Charles Koch, the CEO of Koch Industries, a family business that makes $115 Billion in sales annually, warned of the trap of overconfidence, “Hubris, arrogance is just one step ahead of loss of integrity.” He added, “Because if you think you’re better than other people, you know more, then you’re going to think as many leaders have, that the rules don’t apply to them. So, they lose their integrity.”

Founders and business leaders must note that the one-man rule is a two-edged sword. In the startup years of Co A, a very capable and determined entrepreneur in the mold of the founder made the business grow and prosper. But over the years, when the business transformed into a complex organization, it was apparent that the business must establish management depth that would empower executives to participate in decision-making. Effectively, the one-man rule has served its purpose.  

Unqualified Senior Management Team

When we made a sweep of executive competency, we also discovered that the individuals making up the professional team were copycats. There were several instances where unqualified executives got promoted to senior-level positions because they performed well in one functional area. One of the most glaring decisions that proved costly to Co A was when the founder promoted his Vice President for Sales to Chief Operating Officer (COO) as a reward for outstanding performance in sales.

For two years, the COO was, in reality, a glorified salesman. He knew very little about the other functional areas such as finance, accounting, construction, inventory, risk, and administration. In fairness to the COO, he made every effort to broaden his knowledge in the first six months of his appointment, but mounting pressure to perform eventually took a toll on his ability to manage the organization.

Since he was completely overwhelmed, the COO ended up choosing his comfort zone and concentrated most of his time motivating his sales division but neglecting his more important operating responsibilities. He ended up delegating most of these functions to his subordinates. All this time, his limited skill set kept him from making critical decisions and there were many instances where the founder overturned or bypassed his authority. With the void he created, department heads began engaging in constant power struggles. This tumultuous period further compromised bottom lines.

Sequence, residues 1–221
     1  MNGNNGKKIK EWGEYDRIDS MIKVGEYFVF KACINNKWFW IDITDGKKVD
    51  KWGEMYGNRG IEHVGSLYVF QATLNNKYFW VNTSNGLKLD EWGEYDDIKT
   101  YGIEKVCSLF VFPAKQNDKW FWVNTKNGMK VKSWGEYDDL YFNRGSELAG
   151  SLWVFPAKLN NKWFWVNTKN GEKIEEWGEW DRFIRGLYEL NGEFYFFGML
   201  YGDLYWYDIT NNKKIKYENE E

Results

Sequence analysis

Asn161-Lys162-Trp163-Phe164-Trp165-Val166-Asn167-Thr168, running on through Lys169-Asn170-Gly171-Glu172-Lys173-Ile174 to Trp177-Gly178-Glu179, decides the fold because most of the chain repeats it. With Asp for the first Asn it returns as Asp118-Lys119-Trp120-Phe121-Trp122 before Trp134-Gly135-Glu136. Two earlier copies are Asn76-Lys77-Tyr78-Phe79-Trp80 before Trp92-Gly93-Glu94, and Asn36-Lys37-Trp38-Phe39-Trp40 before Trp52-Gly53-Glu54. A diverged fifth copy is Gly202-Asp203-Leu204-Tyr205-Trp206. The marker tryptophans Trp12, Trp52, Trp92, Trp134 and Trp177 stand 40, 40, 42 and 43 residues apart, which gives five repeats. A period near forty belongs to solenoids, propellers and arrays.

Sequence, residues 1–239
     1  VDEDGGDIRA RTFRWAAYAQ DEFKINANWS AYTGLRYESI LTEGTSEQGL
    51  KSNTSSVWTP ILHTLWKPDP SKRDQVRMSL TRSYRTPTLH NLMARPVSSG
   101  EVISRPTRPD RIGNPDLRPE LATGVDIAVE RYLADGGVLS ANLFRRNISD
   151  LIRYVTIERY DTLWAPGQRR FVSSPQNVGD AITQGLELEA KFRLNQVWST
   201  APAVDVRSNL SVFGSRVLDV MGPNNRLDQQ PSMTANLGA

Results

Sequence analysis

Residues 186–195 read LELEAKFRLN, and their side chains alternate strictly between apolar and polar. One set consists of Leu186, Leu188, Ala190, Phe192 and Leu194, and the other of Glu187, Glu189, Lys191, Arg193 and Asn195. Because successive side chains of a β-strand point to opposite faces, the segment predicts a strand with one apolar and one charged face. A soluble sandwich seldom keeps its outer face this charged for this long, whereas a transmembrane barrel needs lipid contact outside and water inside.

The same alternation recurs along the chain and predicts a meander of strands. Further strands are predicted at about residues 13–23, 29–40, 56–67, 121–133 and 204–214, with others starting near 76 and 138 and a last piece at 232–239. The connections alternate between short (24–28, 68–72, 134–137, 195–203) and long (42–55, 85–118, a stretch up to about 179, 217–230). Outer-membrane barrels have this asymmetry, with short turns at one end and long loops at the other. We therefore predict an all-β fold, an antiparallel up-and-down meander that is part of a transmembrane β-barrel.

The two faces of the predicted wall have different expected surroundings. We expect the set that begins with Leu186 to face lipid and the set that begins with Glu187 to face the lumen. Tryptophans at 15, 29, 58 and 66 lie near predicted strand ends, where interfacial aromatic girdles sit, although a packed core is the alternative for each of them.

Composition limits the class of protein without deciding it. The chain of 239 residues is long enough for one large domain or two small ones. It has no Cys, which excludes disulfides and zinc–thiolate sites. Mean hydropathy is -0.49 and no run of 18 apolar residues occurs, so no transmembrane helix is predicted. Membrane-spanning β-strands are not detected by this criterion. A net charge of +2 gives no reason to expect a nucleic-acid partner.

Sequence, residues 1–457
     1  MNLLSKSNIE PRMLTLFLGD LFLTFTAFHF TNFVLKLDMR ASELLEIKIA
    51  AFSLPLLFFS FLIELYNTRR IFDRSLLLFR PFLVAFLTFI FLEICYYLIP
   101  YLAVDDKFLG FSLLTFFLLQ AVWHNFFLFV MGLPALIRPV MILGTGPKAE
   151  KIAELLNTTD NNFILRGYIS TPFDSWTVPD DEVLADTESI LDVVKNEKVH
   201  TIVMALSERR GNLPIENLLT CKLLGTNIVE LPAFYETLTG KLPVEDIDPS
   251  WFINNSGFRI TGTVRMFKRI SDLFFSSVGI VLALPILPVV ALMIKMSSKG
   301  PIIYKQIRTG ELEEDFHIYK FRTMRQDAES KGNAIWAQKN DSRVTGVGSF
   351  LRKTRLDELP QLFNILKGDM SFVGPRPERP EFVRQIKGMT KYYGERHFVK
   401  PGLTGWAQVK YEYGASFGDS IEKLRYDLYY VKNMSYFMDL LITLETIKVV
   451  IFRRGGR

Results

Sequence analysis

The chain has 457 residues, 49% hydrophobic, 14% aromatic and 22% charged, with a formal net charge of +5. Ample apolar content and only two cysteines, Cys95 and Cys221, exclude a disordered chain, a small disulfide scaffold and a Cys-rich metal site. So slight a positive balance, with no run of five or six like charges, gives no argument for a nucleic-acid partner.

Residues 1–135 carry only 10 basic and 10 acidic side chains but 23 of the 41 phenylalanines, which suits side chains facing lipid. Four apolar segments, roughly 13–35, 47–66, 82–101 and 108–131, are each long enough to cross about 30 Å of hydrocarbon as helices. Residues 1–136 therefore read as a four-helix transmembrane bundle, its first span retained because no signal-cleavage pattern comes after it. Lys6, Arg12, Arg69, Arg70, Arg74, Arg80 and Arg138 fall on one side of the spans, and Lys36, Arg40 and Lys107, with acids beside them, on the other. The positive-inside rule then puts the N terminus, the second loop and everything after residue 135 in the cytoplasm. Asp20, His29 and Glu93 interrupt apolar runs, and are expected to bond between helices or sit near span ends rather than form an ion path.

Wrong Direction

For Co A, it was clear that a very strong leader steered the business in the wrong direction. The founders’ disregard for NPVs (net present value), IRRs (internal rate of return), and the inept business and product development teams that created flawed concepts were some of the many glaring mistakes. In short, Co A did not care about what the market wanted because the founder relied heavily on his past successes. His management team was mere followers concurring with everything he dished out. Years before C-19, company A already showed signs that it was struggling.

What can we learn from this unfortunate event? 

Is this dangerous transition common to family-owned businesses? Yes! In my experience, 8 out of 10 enterprises are going through a similar dilemma. Any corporate transition must be deliberate since many enterprises typically start as informal mom-and-pop businesses. As the business transitions and moves to a more formal setup, it is necessary to consider several factors. First is that founders die, and it is just a matter of time, so the earlier a new talent is developed, the better. Second, the owner/operators, a.k.a. supermen, cannot continue to make all the decisions themselves, especially when facing enormous pressure in a more complex environment. The one-man rule is acceptable only for a small company but never in an environment that is highly competitive. Thirdly, studies have shown that visionaries (of retiring age but refusing to step back) continue to impose their will by virtue of their experience, superior knowledge, and perception that they know better. And lastly, for the business to move forward, it is imperative that the family business provides for management and leadership succession.